Y’all better call your moms today!


I am clearly not suited to a life of manual labor. You see, I started on a little summer project this morning. I don’t know how long I’ve got, but I’m definitely going to die long before my wife, and it’s not as if I’m leaving her a vast inheritance — this old house is about it. I decided I need to do some home improvements before it’s too late, and the immediate task that came to mind is repainting the dining room and bedroom. Both were afflicted with terrible wallpaper that was peeling, as well as being hideous, and I know that Mary will have to sell the place and move to someplace less remote once I kick the bucket, and while she’s worrying about papers and cremation and all that other nonsense, she’s not going to have time to prep the house for resale.

So I figure I’ll do a few things while I’m still ambulatory. I started with stripping the wallpaper with a steamer this morning.

There’s a lot of bending and stooping and working near the floor and also higher up, and I got through about half the job, and hour and a half into it, before my back decided to go into spasms. This was not pleasant. I can tell I will not last long at all in the work camp after the Republicans take over, but now at least, I can sit down and pop ibuprofen for a bit, until I recover, and can get the remaining half done.

As long as I’m sitting down, I called my mother to wish her a happy Mother’s Day. Have you called yours, if you have one, and if she’s the kind of mother who deserves your affection? I’ve got one, and she does. Unfortunately, she also has voice mail. Oh, well.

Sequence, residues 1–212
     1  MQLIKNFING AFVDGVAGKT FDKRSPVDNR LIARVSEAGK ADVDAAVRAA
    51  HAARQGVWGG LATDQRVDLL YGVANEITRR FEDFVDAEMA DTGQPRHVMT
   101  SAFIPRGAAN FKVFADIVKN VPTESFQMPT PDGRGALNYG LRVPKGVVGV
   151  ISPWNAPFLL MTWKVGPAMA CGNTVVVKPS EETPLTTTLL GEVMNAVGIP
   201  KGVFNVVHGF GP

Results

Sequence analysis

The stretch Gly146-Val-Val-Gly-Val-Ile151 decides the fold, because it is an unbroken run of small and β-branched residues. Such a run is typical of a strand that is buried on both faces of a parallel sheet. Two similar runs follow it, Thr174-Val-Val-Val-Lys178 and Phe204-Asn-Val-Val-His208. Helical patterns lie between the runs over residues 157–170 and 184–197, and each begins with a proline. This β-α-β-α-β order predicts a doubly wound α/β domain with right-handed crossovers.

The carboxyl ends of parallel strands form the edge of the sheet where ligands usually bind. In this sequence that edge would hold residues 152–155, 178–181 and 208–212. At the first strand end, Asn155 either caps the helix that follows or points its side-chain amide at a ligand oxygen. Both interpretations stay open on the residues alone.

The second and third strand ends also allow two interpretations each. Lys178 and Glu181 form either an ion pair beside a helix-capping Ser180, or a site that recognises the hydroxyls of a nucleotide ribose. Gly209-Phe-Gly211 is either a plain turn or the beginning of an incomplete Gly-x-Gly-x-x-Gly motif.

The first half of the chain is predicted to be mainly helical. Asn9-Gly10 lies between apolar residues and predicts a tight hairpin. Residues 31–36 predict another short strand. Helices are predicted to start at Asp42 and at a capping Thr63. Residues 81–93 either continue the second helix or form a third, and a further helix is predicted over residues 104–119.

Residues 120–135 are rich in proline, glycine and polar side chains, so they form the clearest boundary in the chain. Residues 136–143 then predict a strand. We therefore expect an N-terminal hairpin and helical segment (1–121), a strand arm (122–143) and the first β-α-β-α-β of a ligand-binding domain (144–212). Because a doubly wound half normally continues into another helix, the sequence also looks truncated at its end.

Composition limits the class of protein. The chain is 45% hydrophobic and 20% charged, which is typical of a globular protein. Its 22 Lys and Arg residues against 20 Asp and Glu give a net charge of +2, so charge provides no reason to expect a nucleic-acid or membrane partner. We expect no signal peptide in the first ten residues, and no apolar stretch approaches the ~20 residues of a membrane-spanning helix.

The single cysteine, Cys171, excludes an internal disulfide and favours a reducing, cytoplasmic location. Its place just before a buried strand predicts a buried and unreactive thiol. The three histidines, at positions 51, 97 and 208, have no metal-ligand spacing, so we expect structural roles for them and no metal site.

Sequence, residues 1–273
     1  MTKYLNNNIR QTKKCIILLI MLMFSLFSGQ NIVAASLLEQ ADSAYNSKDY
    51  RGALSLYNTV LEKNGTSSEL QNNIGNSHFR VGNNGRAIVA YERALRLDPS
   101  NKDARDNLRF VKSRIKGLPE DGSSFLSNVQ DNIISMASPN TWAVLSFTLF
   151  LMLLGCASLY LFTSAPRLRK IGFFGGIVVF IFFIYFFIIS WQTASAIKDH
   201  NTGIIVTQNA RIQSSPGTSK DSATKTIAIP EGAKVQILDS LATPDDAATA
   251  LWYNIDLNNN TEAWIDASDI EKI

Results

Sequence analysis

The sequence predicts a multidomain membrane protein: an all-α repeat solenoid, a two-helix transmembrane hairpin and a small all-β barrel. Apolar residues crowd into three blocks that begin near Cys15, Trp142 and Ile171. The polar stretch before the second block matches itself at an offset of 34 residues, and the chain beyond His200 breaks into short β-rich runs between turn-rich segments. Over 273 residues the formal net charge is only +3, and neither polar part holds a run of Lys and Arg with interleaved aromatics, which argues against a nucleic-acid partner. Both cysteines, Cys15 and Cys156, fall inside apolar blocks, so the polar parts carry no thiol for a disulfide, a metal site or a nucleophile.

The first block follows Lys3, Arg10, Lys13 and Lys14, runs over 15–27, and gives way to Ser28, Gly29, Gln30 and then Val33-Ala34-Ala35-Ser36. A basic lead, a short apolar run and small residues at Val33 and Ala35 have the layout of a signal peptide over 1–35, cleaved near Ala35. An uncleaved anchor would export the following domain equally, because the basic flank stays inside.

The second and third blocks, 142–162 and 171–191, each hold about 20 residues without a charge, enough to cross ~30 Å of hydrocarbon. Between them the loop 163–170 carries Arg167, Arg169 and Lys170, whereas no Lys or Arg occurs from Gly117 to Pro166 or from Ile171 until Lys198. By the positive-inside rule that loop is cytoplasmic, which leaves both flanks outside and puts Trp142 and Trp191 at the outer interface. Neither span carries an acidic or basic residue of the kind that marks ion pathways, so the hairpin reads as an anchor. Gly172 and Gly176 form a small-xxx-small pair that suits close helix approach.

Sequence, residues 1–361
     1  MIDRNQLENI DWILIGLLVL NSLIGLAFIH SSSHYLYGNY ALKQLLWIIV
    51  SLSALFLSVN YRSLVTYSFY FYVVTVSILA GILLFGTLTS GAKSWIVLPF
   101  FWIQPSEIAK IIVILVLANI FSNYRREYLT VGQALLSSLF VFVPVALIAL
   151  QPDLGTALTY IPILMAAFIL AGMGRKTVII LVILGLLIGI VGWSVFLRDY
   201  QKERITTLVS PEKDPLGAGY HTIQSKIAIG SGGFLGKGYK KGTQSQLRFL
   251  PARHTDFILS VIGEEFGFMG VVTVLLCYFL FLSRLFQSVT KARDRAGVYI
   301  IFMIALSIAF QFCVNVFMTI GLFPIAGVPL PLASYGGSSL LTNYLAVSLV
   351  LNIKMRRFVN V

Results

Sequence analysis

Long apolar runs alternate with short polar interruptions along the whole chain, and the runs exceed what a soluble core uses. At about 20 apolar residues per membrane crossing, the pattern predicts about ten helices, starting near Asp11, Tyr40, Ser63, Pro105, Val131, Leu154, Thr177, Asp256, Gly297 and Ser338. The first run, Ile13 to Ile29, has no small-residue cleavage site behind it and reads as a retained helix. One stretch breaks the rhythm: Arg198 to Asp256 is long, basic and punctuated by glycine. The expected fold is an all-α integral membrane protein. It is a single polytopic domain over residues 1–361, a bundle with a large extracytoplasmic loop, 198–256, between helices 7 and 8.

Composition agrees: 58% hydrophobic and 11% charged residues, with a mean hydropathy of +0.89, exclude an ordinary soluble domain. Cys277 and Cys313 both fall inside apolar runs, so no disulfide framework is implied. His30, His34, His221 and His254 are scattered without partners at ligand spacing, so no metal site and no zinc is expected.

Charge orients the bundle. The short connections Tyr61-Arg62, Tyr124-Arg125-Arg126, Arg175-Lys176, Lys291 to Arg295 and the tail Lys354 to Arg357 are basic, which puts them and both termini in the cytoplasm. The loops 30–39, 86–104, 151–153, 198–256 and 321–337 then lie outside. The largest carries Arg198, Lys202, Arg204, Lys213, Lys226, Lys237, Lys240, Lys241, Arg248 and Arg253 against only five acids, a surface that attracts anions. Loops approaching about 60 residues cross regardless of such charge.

Jeez, this photo is 10 years old? I’m getting old.

So you’ve been reminded, and I better remind my kids, ’cause their mother deserves a call. They can also say hi and be grateful to me, because I was thinking that once I’m dead, if I don’t get the various jobs I’m planning done, they’re going to have to come home to Morris and do all the house maintenance themselves to help their mother out.

Comments

  1. Deep Myth says

    PZ – I hope you’re still around for a few more years to come. Who needs mobility if you have a computer and an internet to talk to?

  2. birgerjohansson says

    Brandon’s Cult Movie Reviews just posted an entry from the Troma collection; “Mothers Day”
    So you have that to watch once the back pains subside:-)

  3. says

    Because most of my family is blithely Covid-careless—as is most of Tulare County down in California’s Central Valley—I avoid visiting or mingling with them. That part of the state is bright red, and daring to wear a mask is to invite abuse and ridicule. However, yesterday I made a day-trip down there to treat Mom to lunch. Doing it the day before Mother’s Day ensured that the local restaurants weren’t crowded, and scheduling it before the peak of the noon rush meant we could get a minimally exposed table near the edge of the room. Mom was a bit disappointed I wasn’t prepared to make the rounds of various unvaccinated nieces and nephews and their spouses and children, but finals week is coming up and I made it clear I couldn’t linger.

    Trips down the valley on Highway 99 are always educational. The “Recall Newsom” signs are mostly gone, since the governor scored a crushing victory over that ill-conceived effort. The signs opposed to “Government-created droughts” are still in place. (Do they think Washington and Sacramento passed laws against rain? That’s what is not falling from the sky.) So are the signs exhorting the governor to “stop dumping 78% of our water in the ocean.” Awfully precise, and quite possessive, too.

    Someone was also public-spirited enough to decorate a couple of overpasses with “Jesus or Hell” banners. Upon closer inspection, I discovered they were professionally manufactured canvas banners, neatly printed, with metal grommets in the corners to make it easier to attach to chain-link fences with plastic zip-ties. Someone is spending money on this. I can also report that there aren’t as many of these vigilante signs on Highway 99 as before, but I am not at liberty to share the reasons.